Woman Colonel Urges Troops to Refuse Orders if US Attacks Iran
Adding to the chorus of women leaders demanding that President Bush retreat from the possibility of war against Iran, retired Army Reserves Colonel and former high-ranking diplomat Mary Ann Wright asked military personnel to refuse potentially imminent orders to attack Iran.
"Attacking Iran will be a crime against peace, a war crime," wrote Wright in a recent column published by Truthout.org. "Those conducting military operations will be violating the Nuremberg Principles, the Geneva Conventions and the Laws of Land Warfare... While refusal to drop bombs [on Iran] may initially draw punishment and the loss of one's military career, those who refuse will save their soul, their conscience, and will prevent another criminal action in the name of our country by the Bush administration."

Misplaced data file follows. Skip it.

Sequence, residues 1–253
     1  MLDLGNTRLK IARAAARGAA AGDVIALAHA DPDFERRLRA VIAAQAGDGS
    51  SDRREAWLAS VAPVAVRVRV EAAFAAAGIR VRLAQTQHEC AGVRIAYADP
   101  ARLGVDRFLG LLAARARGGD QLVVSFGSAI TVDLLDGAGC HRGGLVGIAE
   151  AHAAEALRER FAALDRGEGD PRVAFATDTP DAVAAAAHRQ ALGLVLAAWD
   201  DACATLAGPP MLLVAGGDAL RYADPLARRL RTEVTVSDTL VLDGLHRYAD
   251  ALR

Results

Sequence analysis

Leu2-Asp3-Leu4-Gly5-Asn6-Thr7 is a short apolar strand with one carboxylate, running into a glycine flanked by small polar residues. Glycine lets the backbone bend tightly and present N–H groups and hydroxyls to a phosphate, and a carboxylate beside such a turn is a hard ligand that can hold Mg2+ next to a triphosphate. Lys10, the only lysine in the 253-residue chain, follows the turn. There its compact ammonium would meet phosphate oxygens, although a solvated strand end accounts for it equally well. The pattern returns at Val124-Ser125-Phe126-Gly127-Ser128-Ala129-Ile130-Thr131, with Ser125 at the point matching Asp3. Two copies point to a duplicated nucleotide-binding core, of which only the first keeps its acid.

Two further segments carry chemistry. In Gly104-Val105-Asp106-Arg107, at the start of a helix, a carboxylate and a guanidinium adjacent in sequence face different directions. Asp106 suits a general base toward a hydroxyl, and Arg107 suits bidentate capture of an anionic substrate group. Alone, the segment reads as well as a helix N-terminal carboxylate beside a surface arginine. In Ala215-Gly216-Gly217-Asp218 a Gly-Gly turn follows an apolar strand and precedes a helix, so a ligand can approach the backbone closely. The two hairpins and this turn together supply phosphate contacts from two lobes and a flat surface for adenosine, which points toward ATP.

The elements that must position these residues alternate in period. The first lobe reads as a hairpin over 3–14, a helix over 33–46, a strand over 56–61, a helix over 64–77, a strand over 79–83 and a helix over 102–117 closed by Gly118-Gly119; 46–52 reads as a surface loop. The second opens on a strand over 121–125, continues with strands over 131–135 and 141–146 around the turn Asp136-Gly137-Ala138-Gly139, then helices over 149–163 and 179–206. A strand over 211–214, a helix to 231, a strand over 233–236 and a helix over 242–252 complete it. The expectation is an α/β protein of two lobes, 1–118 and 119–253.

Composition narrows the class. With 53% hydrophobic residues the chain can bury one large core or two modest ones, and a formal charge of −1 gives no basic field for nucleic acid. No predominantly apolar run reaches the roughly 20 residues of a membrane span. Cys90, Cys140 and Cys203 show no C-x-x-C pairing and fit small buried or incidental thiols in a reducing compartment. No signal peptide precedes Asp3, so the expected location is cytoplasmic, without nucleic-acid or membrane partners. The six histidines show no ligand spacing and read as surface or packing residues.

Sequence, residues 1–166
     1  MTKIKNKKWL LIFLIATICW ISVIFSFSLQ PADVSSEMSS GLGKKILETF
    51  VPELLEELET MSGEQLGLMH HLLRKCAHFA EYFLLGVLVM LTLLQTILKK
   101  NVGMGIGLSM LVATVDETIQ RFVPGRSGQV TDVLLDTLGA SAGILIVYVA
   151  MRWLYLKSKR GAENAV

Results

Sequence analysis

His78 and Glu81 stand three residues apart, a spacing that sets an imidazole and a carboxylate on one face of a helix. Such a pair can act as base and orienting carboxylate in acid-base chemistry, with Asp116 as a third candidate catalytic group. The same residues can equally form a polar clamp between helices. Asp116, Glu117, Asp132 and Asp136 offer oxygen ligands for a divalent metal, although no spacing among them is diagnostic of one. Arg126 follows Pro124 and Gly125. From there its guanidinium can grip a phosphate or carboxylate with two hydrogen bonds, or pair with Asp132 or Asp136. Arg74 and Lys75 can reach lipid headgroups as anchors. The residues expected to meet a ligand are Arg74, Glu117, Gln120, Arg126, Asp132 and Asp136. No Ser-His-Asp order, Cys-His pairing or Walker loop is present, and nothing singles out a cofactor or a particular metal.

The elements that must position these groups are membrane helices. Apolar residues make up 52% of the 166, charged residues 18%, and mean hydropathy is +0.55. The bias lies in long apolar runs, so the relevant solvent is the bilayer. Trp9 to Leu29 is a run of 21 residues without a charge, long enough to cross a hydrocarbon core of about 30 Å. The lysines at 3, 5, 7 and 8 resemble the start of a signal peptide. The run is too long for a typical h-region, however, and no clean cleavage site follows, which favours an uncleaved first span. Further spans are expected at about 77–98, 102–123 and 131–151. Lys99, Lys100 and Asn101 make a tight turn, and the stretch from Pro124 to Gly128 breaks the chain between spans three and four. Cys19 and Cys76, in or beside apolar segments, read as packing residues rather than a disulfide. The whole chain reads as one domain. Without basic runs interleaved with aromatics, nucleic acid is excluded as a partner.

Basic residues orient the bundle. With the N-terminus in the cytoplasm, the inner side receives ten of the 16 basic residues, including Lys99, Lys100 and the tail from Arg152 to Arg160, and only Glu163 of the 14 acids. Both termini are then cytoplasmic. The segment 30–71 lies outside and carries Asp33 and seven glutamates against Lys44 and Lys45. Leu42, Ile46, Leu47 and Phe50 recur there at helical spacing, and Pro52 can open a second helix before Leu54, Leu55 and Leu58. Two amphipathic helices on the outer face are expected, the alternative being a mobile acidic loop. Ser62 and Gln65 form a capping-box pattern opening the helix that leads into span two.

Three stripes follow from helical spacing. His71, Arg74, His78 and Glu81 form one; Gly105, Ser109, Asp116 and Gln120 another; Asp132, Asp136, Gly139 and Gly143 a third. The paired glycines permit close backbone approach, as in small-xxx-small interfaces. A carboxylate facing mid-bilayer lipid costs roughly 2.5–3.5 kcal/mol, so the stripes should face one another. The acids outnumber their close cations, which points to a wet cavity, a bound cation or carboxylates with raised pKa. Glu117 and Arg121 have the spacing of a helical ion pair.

Wright noted the large number of women now in the military and appealed to women military personnel, as well as their male counterparts, to consider the deaths of innocent civilians that will result if Iran is bombed. She went on to say, "We as human beings must take responsibility for ourselves and what our government may ask us to do."
Wright served 29 years in the US Army and Army Reserves, rising to the rank of colonel. In March 2003, Wright was one of the highest-ranking State Department officials to resign in protest of the Iraq war.
12/9/2013 Mixed Results for Afghanistan's Anti-Violence Against Women Law - The United Nations Assistance Mission in Afghanistan (UNAMA) and the Office of the UN High Commissioner for Human Rights (OHCHR) released their annual report on violence against women in Afghanistan yesterday, revealing mixed results of the country's Elimination of Violence against Women Law.
"A Way to Go: An Update on Implementation of the Law on the Elimination of Violence against Women in Afghanistan [PDF]," found that there was a 28 percent increase in reports of violence against women from 2012 to 2013 , but only 17 percent of those were prosecuted under EVAW - a small 2 percent increase from last year.
The law, which was issued by the executive decree of President Hamid Karzai in 2009, criminalizes 22 acts of violence against women and specifies punishment for perpetrators. . . .